• Treasury yields are about 150bp too low. The yield on the 10-year Treasury is typically the same as the GDP growth rate; it’s now 150bp below that. Real 5-year Treasury yields are normally about 1.5%; they’re currently negative. And, of course, the Fed funds rate is artificially low. All of this implies that yields will rise. When that happens, it’s reasonable to assume that discount rates and credit spreads will rise along with them, driving all asset prices lower.

This need not happen immediately upon QE2′s demise, but it might: Gross foresees “immediate uncertainty and fear” come June 30, and strongly implies that he’s not going to be venturing far out the curve unless and until rates rise significantly. For the time being, he’s derisking: “PIMCO’s not sticking around,” he tells us.

Meanwhile, on the state level, David Nowakowski and Prajakta Bhide of Roubini Global Economics have a big report out called “States of Despair,” in which they estimate that muni defaults could reach $100 billion over the next five years. They do stress, however, that the recovery value on those defaults is likely to be very high — roughly 80 cents on the dollar — and that “state and local debt problems are not systemic in nature, and will not infect the financial system, though they will dampen economic recovery.”

Indeed, the report is actually bullish on the muni market: if recoveries really are 80%, then you’d break even buying the MCDX index even if the five-year default rate hits 34%. In other words, even if there are $100 billion of bond defaults over the next five years, you’d still make good money buying munis at these levels.

There’s lots of very good analysis in the report, which I’ll come back to later today. But my main takeaway is that this is clearly a market requiring good analysis — it’s not something that individual investors should buy blithely, as they have in the past, on the assumption that muni bonds are not only tax-free but also risk-free. As such, the muni market has a similar problem to that facing the Treasury market: when the biggest buyer of the bonds goes away, who will replace them? So far, the answer in both markets is very unclear.


Thanks for the thoughts, hb10. Much to ponder on.

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Felix Salmon
Mar 2, 2011 05:00 UTC

Full Text RSS Feed Builder — Full Text RSS Feed

New paper suggests JPM’s Madoff profits almost double what was previously thought, $907m — SSRN

“Climategate” and epistemic closure — Grist

Frank Rich, a true blogger, moves house as the NYT moves to a paywall — NYMag

Neil Barofsky, TARP’s outspoken overseer, will resign — WaPo

Be careful who you show off to, Rajat Gupta edition

Felix Salmon
Mar 1, 2011 22:26 UTC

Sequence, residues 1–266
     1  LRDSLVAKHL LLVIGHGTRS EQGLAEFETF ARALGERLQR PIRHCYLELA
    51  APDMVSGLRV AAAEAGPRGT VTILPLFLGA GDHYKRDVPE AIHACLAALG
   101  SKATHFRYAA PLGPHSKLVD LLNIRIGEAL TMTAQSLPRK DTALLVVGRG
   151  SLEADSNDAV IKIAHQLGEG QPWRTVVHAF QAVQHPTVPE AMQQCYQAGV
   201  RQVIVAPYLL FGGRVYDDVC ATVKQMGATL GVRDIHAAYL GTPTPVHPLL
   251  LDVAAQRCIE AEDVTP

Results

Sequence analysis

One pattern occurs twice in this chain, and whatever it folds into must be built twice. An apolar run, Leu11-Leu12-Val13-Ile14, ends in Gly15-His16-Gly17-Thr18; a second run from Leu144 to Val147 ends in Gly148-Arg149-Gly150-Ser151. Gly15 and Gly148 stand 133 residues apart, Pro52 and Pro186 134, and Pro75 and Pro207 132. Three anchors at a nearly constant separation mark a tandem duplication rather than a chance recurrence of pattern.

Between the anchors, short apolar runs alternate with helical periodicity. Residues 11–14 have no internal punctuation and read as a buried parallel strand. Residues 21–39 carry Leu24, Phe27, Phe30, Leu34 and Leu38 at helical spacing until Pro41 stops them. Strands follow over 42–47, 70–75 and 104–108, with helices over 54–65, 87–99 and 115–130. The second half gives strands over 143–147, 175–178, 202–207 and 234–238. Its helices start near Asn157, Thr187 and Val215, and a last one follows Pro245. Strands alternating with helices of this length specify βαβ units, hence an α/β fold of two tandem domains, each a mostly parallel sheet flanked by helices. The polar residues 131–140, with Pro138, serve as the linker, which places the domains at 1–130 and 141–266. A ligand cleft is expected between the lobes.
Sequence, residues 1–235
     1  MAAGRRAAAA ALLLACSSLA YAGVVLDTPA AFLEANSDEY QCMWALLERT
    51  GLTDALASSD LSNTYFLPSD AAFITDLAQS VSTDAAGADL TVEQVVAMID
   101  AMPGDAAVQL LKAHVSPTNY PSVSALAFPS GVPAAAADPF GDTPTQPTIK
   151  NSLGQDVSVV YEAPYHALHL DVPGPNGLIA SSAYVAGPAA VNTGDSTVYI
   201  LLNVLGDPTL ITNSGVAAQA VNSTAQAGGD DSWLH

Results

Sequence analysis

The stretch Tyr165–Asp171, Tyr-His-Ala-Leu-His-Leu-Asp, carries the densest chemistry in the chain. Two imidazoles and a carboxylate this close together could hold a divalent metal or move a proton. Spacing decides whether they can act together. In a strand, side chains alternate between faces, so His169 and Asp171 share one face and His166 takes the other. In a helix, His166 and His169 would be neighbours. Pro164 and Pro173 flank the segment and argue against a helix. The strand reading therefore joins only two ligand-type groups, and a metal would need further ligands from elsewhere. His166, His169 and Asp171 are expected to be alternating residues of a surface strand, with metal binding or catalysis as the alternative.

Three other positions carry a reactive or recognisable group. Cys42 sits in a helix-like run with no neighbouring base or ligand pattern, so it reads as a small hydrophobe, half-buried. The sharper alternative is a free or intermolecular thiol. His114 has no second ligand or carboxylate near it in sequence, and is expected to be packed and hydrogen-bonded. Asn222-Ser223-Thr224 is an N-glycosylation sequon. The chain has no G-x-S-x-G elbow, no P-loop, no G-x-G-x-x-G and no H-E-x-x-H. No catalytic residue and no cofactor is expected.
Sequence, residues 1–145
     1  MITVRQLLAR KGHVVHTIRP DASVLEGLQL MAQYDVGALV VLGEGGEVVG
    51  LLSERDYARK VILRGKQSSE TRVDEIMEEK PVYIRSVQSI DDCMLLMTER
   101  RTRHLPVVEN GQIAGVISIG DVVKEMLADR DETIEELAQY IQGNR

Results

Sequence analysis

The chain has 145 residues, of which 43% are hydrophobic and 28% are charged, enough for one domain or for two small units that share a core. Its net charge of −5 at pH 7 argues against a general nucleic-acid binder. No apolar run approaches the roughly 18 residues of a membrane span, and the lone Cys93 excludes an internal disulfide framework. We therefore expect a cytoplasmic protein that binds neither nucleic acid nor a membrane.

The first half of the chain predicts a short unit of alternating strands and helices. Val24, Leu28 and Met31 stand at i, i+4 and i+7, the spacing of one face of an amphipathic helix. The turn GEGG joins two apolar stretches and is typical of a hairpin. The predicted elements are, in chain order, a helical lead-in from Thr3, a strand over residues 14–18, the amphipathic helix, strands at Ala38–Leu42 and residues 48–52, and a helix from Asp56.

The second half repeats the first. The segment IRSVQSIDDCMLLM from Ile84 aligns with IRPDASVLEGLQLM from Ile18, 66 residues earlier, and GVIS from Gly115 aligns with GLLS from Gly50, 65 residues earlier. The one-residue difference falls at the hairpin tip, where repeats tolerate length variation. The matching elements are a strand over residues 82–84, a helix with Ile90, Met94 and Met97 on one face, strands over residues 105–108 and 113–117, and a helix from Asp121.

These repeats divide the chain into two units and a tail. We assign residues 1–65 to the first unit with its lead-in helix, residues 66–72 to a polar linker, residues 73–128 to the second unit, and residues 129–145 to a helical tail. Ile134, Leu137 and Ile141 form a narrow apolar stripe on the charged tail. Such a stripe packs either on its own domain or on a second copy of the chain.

John Carney asks why Rajat Gupta might have done what he’s accused of doing:

Gupta ran McKinsey. He sat on the board of Goldman. He is the ultimate insider.

One of the reasons we rarely see insider trading charges against people who have the stature and wealth against Gupta is that insider trading makes so little logical sense for such people. There’s really no reason Gupta should leak confidential information to a hedge fund manager. He doesn’t need money, access, prestige or any favors at all.

If he did tip off his hedge fund manager friend, it was something darker than greed or ambition. It was something close to sociopathic narcissism—perhaps a belief that he was somehow above the law, immune to the rules that govern the rest of us.

“Sociopathic narcissism” is one way of putting it, but I think there’s something very human here. And John and I see it every day, at CNBC and Reuters: reporters get phoned up by very rich and important individuals, and get told information which can’t conceivably benefit the person doing the leaking, except psychologically. It doesn’t matter how rich or how important you are, the idea of being able to show off like that — to demonstrate that “I know something you don’t know”, to be cultivated and praised and effusively thanked — is very appealing.

Gupta, if he did give inside information to Raj Rajaratnam, wasn’t doing it for the money. He was doing it to feel important, to get the respect of his friend, to demonstrate just how plugged in he was to some of the most important decisions being made at the height of the financial crisis.

The moral of this story, then, is that if you ever feel that human need for validation and need to unburden yourself of a valuable secret, make sure you phone a journalist, rather than a hedge-fund manager. That’s not illegal, and it’s just as gratifying.


Worth looking back at Texas Gulf Sulphur case in 1964. Circumstances almost identical: a director of TG (Thomas Lamont, retired Vice-Chairman of Morgan Guaranty) left a TG board meeting and called Longstreet Hinton, then head of MG’s pension investment to tip him off that rumors of a huge multi-mineral strike by TG in Ontario were true. Hinton then bought stock for various accounts (including his own). SEC did not bring criminal charges, and the issue bled away in a dispute, largely terminological, over what news about itself TG had made public when. Regarding motive in the Gupta matter, Naftalis, G’s lawyer, pointed out that his client had lost $10 million with Raj. Might there have been an agreement involving a make-whole? $10 million was probably real money to Gupta.